The Labours of Thomas Davis - The Last Conquest of Ireland (Perhaps)

John Mitchel
Author’s Edition (undated)

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Wallis, "there is enough to make men love him, and guess at him—and what more can the best of readers do with the supremest writer, though he lived to the age of Sophocles or Goethe. The true loss is of the oak's timber, not of its own acorns or of the flowers at its base. The loss of its immediate influence on the events of his time, and on the souls of his contemporaries, by guidance and example: that is the true bereavement; one which possibly many generations to come will be suffering from and expiating, consciously or unconsciously."

Davis is not an Irish name, but Welsh; and in fact his father was a Welsh gentleman who had settled in Cork county, where, at Mallow, on the banks of the Blackwater, Thomas Davis was born. He always boasted that he was of the Celtic race of the Cymry; he would rather have been a Cherokee than English; his nom-de-plume was ever "The Celt;" and his best loved study from boyhood had been the language and literature, the traditions and antiquities, of the two branches of the great Western European family, the Gael and the Cymry. Though by profession a barrister, Davis had been a mere silent student till his twenty-fifth year; and his studies had ranged from poetry to statistics, and back again. Of history, in several languages, he was a voracious reader. He had thoroughly mastered the economic and political questions involved in the connexion of Ireland with England; and thought it shame and sin (which, indeed, it was and is), that our old island should be devoured by strangers; that the people of the ancient clans, who had once taught half the schools and won half the battles in Europe, should send tribute of corn and cattle; nay, (as Athens did of old to Crete), tribute of her choicest youth also, of her genius and her energy, to swell the pride and power of an inferior race. He longed to see Ireland standing on her own feet, using her own resources for her own behoof, living her own genial life, with her own flag floating above her—a free and sovereign State among the nations of Europe. And he knew that all this might be achieved, if only the hereditary religious feuds of ages could be healed; and by inculcation of mutual tolerance and respect, by kindling a common love for our own land, by education, by the promotion of Irish art, and re-awakening of Irish military spirit, he hoped to effect it all. It gave him intense pleasure when the Dublin Evening Mail, the greatest organ of Irish Orangeism, came out (for example) with such hints as this:—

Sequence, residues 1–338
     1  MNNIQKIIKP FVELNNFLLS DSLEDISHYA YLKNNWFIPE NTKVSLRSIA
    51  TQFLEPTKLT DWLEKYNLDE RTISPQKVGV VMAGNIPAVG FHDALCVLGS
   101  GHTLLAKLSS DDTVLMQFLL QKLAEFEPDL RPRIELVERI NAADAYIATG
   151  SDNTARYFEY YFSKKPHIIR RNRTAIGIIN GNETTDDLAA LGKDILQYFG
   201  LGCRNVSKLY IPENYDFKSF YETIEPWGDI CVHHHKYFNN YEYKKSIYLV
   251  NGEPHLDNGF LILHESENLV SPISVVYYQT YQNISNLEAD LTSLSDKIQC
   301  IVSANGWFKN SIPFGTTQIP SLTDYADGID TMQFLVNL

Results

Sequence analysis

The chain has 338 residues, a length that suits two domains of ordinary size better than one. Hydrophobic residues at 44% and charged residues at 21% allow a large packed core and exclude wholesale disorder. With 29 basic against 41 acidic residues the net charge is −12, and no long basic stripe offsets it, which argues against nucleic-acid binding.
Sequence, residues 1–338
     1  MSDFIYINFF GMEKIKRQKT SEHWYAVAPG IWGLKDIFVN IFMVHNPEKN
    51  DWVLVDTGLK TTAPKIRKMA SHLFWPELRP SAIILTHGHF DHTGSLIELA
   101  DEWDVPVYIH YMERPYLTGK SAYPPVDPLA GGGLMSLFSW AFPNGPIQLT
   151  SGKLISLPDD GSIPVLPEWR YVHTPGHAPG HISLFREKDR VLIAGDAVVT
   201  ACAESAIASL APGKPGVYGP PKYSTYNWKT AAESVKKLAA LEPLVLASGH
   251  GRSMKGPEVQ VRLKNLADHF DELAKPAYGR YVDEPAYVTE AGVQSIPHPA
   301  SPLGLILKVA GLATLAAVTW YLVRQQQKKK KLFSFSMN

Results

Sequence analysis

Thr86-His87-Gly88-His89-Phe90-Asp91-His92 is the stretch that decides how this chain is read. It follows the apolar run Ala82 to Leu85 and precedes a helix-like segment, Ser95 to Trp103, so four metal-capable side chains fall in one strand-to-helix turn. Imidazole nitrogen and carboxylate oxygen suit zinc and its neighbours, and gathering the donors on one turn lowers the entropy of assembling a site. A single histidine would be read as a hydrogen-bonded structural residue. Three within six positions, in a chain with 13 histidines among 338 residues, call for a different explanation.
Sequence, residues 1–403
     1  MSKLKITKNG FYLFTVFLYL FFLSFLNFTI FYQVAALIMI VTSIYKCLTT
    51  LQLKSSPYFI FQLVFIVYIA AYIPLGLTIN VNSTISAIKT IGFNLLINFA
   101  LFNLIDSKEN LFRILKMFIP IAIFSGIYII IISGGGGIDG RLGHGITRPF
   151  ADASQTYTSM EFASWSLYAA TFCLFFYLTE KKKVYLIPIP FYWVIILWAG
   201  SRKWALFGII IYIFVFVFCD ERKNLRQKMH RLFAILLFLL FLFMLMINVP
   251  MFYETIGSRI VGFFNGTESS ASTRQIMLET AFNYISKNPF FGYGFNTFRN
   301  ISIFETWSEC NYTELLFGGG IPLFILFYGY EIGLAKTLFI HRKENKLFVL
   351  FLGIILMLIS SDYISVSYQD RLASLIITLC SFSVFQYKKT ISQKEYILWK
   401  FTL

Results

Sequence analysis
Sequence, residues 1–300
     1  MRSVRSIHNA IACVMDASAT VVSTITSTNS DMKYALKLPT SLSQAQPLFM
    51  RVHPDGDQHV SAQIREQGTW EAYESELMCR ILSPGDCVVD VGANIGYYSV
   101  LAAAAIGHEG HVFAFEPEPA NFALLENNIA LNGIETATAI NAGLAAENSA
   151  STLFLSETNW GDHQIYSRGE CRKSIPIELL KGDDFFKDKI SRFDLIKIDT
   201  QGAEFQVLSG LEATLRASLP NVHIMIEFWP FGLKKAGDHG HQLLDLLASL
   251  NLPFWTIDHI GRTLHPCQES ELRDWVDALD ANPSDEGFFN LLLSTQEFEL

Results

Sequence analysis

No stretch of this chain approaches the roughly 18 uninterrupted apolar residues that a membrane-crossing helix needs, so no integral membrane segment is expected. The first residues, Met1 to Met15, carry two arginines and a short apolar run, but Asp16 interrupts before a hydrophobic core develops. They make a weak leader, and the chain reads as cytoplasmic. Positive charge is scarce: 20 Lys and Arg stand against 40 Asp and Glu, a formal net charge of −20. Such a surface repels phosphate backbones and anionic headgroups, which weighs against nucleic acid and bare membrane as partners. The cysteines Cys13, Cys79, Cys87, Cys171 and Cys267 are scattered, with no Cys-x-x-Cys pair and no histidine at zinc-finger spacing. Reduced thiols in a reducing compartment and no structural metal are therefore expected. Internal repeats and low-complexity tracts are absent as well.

If a British Union cannot be formed, perhaps an Irish one might. ...continue reading »

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